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The recent upheaval in the office-equipment retail [#permalink]
24 Jul 2003, 12:44
81% (03:15) correct
18% (01:04) wrong based on 11 sessions
. The recent upheaval in the office-equipment retail
business, in which many small firms have gone out
of business, has been attributed to the advent of
office equipment тАЬsuperstoresтАЭ whose high sales
volume keeps their prices low. This analysis is
flawed, however, since even today the superstores
control a very small share of the retail market.
Which of the following, if true, would most weaken
the argument that the analysis is flawed?
(A) Most of the larger customers for office
equipment purchase under contract directly
from manufacturers and thus do not participate
in the retail market.
(B) The superstoresтАЩ heavy advertising of their low
prices has forced prices down throughout the
retail market for office supplies.
(C) Some of the superstores that only recently
opened have themselves gone out of business.
(D) Most of the office equipment superstores are
owned by large retailing chains that also own
stores selling other types of goods.
(E) The growing importance of computers in most
offices has changed the kind of office
equipment retailers must stock.
Stem of argument: I am just guessing on the things the test is thinking.
Small sales store goes out of business due to superstore high sales and low price. This analysis is flawed because superstores sell only so much or control little market share. Other words, low prices affect small stores slightly.
Question asks us to find something to strengthen the analysis or weaken the argument on the analysis.
1) I think it is easy after looking at answer now but wasn't easy when I attempted problem.
B) Superstores low prices affect everyone. I guess the reason this question is hard it does not really attack the question directly because regardless of the low prices the superstores market share is still small. Or is it legal that I can say the superstores forcing prices down means it is gaining market share. Is there an assumption here?
I'll leave the rest to Stolyar or any other self-proclaimed CR experts.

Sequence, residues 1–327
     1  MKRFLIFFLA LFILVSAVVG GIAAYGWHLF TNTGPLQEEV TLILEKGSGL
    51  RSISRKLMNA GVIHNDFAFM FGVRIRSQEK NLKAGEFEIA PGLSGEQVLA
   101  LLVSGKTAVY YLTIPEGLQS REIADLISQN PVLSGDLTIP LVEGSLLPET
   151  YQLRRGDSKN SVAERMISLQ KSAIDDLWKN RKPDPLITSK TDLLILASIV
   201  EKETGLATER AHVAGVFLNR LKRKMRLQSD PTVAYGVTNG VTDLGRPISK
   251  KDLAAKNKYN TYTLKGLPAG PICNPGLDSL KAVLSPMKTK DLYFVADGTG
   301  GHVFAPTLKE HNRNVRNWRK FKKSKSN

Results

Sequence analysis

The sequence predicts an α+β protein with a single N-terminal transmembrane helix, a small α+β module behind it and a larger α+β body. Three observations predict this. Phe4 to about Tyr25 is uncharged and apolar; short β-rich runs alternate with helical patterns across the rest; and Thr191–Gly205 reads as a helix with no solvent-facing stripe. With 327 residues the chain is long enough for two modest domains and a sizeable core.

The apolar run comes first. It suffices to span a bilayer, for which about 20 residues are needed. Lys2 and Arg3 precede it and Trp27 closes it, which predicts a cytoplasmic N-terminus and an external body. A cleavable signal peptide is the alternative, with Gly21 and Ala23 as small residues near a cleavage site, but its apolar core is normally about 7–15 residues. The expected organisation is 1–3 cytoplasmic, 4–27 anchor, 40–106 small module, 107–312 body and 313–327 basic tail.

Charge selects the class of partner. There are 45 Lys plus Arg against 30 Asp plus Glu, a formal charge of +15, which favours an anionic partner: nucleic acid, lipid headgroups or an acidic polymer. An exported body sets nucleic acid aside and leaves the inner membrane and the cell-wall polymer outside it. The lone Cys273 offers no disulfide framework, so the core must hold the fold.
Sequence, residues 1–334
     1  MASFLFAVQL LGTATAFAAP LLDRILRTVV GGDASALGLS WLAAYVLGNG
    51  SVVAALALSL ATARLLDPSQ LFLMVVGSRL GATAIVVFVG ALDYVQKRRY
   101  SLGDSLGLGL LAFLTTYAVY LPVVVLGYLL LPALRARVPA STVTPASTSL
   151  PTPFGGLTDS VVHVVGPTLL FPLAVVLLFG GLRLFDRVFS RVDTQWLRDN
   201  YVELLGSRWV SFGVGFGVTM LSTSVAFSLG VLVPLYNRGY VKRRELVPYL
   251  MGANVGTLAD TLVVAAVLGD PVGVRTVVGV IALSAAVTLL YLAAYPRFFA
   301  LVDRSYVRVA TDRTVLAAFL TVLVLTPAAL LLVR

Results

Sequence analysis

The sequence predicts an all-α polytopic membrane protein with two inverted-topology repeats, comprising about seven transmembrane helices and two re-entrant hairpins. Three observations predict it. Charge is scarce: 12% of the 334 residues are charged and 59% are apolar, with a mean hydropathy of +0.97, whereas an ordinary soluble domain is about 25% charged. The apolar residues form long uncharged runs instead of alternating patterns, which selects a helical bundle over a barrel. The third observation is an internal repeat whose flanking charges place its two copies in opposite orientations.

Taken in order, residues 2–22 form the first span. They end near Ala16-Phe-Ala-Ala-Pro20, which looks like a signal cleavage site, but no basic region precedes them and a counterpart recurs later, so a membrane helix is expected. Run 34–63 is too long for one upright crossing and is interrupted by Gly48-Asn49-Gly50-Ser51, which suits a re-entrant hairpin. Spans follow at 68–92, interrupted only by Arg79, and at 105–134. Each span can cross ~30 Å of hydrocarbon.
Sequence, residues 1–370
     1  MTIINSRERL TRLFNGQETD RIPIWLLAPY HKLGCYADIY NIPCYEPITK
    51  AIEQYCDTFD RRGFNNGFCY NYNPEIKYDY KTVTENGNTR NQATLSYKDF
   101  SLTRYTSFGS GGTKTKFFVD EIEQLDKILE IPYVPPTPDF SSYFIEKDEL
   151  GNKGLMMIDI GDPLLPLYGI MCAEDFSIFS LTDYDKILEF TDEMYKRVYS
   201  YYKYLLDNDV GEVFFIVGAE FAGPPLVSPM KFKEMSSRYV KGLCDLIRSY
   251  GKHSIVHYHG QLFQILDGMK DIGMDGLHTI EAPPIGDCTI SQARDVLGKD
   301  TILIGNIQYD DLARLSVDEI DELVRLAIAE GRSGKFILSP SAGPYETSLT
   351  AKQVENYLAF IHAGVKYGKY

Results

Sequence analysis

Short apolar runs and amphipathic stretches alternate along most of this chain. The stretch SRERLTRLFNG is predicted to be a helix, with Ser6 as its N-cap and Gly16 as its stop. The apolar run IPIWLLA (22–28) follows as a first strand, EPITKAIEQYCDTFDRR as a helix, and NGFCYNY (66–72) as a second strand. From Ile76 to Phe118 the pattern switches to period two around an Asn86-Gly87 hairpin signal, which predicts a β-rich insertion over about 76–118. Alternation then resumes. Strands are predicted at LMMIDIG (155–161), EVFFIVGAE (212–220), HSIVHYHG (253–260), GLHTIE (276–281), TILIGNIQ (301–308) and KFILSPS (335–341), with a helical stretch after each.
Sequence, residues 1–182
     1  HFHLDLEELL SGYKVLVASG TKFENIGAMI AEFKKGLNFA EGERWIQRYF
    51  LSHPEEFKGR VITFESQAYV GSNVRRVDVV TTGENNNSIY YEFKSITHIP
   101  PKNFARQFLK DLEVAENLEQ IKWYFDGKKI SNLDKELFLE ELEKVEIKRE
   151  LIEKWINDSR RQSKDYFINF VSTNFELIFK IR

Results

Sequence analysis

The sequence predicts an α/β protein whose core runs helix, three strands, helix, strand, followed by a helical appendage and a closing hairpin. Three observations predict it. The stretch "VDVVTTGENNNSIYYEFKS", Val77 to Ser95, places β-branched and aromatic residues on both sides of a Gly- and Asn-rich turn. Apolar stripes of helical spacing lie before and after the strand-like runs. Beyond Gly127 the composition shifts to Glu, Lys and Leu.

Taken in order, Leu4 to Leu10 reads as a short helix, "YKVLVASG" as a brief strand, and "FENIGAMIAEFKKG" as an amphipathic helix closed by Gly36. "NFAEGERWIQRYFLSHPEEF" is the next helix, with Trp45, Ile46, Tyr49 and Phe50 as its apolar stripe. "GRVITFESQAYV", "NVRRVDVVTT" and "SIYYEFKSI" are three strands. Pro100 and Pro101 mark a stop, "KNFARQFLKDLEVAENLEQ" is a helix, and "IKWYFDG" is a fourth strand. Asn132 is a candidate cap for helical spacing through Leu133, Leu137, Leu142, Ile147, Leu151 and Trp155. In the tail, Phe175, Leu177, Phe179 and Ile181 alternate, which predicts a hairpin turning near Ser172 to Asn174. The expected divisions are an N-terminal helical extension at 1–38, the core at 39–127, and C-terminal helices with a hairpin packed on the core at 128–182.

Here it is: it's okay to weaken an assumption.
Today we were supposed to learn that the assumption of an argument is
┬╖ a bridge (link) between the evidence and the conclusion of an argument
┬╖ never stated in the text
┬╖ is the most vulnerable element of an argument
┬╖ is the only element in the argument that can be influenced
┬╖ should be easy for you to find by now
Last edited by Curly05 on 25 Jul 2003, 05:50, edited 1 time in total.
The arguement is based on the assumption that the large stores are putting the little guys out of business by controlling the retail market.
However, (A) states that they are keeping their sales volume high and prices low by selling outside of the retail market.
Thus, the reasoning that big stores are not putting the little guys out of business based on the evidence that they are not controlling a large share of the retail market is flawed, since there are other ways to keep volume high outside of the retail market.
B attacks the conclusion (that big players are not the culprits because they own a relatively small share of the market) by saying the big guys have created a downward thrust on the prices due to aggro advertising that the smaller fries can't catch up with.
The question is tricky.
the argument is based on LOW prices are responsible for ...., but if "B" is true, the argument is still strue, but it weakens the reasoning on which it is based on because now there is an additional reason to support the argument and so the initial reasoning "LOW prices are responsible for ..." is weakened.
This is a good example of weaking an argument by providing a stronger strong argument.
Re: The recent upheaval in the office-equipment retail [#permalink]
02 Dec 2013, 07:06
Oh Man!!!! Now I got what the correct answer is all about. B is saying that as the retail prices have gone down all over the market small firms are unable to sustain because of less profitability. Hence the analysis is not flawed. got a headache trying to solve this one.
Re: The recent upheaval in the office-equipment retail
02 Dec 2013, 07:06